I noticed last week on the non-striking Central Line underground during one of the rail strike days — this was 6:40am — most of my fellow travellers were carrying scuffed hard hats and wearing heavy boots. They were speaking what I took to be Bulgarian and Albanian, though they wouldn’t say when I asked. I was impressed by how they looked out for one another. They were in fact headed for a building site, as had seemed obvious, or so one of them eventually told me, to work on ‘large office new building’. ‘Which people may struggle to fill,’ I said back, but my words were lost in translation. Housing, yes, I was thinking. Offices, less so. Nor did I see any suits on the train. Maybe they were taking the day off, especially as there was an England test match on that morning with victory in sight against Pakistan. It was good that touring in Pakistan had been resumed, I was now thinking. Cricket really is a bridge of peace, as Shaharyar M. Khan once called it. I ascended the steps of Notting Hill tube station and clocked the droplets of recently melting snow already turned back to ice. Wrapped up well from the cold, I was soon passing through a crescent of white-painted townhouses. It was like being in a Richard Curtis movie. Some of the doors to the buildings were so reinforced they screamed back only fear.

Inevitably, many of us in London have been thinking about the NHS (National Health Service) and the present nurses’ strike. Strikes are now coming at us from all directions. I was shocked to be reminded that our nurses are the poorest paid in all of Europe. Even more so by the fact that so many when they work overtime do so for free and cannot survive without the presence of equally overworked food banks in their local communities. Having spent two years of my life researching and making a film on the NHS, I have heard just about every argument there is to make on the subject of privatisation. The invented internal market is what really first riled me. Few points were ever made more clearly to me than by two retired nurses. Let us hope that by the time you read this, something has given. Presently, the government just won’t talk. Even some former Tory ministers have now joined calls for Rishi Sunak and his ex-soldier health secretary Steve Barclay to negotiate with nurses. It is not just the nurses, either, drawing heat from occasionally unsympathetic Brits who should really know better. Trade unionist Mick Lynch who is General Secretary of the National Union of Rail, Maritime and Transport Workers (RMT) has been on the receiving end of much vitriol from several TV studios last week while standing out in the cold trying to protect what he sees firmly and clearly as the interests of his colleagues. The fact the government were continuing to say no to any discussions whatsoever had some of us looking admiringly towards Scotland. Thanks to an agreement there to at least sit down like civilised human beings and talk, there are no striking nurses.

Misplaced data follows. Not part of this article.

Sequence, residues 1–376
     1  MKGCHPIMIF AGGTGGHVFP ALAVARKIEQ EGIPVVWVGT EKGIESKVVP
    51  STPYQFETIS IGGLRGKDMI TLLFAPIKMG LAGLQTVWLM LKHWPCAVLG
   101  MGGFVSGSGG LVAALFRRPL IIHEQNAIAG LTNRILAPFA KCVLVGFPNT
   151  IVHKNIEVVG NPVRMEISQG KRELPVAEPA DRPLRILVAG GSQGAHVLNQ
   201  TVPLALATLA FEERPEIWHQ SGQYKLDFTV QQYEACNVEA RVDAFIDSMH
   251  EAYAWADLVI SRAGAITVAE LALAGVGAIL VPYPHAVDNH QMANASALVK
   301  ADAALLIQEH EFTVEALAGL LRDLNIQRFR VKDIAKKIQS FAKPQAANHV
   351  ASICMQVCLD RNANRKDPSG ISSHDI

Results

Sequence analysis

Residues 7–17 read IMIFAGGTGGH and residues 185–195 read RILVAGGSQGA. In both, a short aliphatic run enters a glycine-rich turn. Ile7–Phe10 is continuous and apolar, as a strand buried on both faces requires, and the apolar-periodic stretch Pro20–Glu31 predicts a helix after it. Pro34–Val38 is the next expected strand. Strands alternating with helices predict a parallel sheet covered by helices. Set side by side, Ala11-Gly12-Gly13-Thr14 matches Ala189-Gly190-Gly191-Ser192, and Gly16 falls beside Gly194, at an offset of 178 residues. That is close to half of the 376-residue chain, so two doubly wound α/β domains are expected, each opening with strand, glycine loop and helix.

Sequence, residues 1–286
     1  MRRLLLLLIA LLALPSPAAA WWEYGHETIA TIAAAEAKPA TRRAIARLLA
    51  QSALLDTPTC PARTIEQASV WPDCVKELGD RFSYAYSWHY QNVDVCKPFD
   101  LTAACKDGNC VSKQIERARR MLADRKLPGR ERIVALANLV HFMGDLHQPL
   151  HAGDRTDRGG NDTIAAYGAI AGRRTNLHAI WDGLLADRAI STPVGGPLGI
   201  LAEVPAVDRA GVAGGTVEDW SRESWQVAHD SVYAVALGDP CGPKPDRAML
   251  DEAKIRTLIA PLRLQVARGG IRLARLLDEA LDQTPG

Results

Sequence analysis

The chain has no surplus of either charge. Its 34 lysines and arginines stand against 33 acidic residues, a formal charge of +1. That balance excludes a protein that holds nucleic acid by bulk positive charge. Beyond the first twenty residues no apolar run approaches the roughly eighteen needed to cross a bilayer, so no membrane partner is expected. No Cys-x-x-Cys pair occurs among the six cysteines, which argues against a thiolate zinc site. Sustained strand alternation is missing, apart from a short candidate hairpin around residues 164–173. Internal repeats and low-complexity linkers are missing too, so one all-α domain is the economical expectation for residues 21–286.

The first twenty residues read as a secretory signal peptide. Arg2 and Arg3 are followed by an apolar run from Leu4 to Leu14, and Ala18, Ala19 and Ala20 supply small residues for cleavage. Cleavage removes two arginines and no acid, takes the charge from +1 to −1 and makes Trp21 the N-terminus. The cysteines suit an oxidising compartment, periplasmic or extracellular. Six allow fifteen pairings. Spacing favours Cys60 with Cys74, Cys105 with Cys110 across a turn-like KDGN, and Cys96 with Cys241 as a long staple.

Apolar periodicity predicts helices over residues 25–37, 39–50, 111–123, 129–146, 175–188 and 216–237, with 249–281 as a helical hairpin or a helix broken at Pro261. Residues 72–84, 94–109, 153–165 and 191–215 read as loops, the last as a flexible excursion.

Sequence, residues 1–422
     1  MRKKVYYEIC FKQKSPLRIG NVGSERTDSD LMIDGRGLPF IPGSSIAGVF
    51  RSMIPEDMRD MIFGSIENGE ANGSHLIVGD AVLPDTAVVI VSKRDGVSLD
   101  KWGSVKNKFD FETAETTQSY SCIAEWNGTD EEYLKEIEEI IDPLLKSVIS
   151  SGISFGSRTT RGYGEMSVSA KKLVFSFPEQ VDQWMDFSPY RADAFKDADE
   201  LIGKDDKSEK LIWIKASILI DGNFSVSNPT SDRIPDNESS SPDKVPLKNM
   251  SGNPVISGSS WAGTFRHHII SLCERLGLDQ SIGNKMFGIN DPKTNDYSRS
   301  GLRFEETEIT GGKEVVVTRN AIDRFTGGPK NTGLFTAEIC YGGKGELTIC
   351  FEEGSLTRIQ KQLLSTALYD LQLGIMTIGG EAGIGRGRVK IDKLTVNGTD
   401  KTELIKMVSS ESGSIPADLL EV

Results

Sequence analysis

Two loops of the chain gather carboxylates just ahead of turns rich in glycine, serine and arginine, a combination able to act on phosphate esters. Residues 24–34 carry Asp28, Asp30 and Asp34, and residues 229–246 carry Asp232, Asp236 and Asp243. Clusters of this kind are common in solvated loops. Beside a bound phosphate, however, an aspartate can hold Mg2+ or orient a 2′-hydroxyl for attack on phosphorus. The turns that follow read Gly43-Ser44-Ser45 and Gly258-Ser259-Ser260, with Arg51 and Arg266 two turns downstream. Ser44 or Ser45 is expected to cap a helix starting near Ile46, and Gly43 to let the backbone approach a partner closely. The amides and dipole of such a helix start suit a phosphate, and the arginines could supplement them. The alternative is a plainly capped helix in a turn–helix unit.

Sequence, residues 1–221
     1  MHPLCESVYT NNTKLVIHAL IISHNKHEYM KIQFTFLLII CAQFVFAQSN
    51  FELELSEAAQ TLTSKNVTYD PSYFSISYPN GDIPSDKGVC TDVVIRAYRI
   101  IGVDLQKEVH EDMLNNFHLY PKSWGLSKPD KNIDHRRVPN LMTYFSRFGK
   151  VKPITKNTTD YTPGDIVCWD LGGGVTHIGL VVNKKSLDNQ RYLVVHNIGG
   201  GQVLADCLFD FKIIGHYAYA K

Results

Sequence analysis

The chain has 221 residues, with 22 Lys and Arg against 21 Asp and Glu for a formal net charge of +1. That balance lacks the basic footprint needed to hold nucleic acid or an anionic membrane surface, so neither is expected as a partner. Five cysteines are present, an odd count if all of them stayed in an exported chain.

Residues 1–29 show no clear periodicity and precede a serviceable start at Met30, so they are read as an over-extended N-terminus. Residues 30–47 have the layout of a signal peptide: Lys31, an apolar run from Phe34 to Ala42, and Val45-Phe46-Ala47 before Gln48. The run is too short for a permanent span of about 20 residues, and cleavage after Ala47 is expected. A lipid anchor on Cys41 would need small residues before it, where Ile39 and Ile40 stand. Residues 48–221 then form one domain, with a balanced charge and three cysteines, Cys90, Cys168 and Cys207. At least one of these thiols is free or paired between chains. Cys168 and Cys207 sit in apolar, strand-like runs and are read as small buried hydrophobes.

People across the medical profession are smart people. They know what is going on. Many are smarter than some of our politicians. Maybe that is part of the problem. I reconnected with Dr Chris Day last week. He once put on a small screening of a rough cut of my NHS film SELL-OFF in his house one day in order for me to receive testing criticism from experts before it was shown to the public. (Only London Live dared broadcast it in the end but it did enjoy a long life on YouTube and countless private screenings organised by tireless Dr Bob Gill.) Dr Day is presently battling with a South London employment tribunal which he believes guilty of ignoring clear evidence from two senior consultant anaesthetists that literally and physically and however else you wish to put it effects whether people will live or die. He says that he has a plan but needs people in his corner: ‘I need more people to understand. I need more people to care,’ he says. (‘Teach us to care and not to care,’ wrote Eliot in ‘Ash Wednesday’.) On top of which, it is sickening to think that 7.2 million people at the end of October were on a waiting list to start routine treatment. This figure was 7.1 million in September. This is the highest number since records began in August 2007.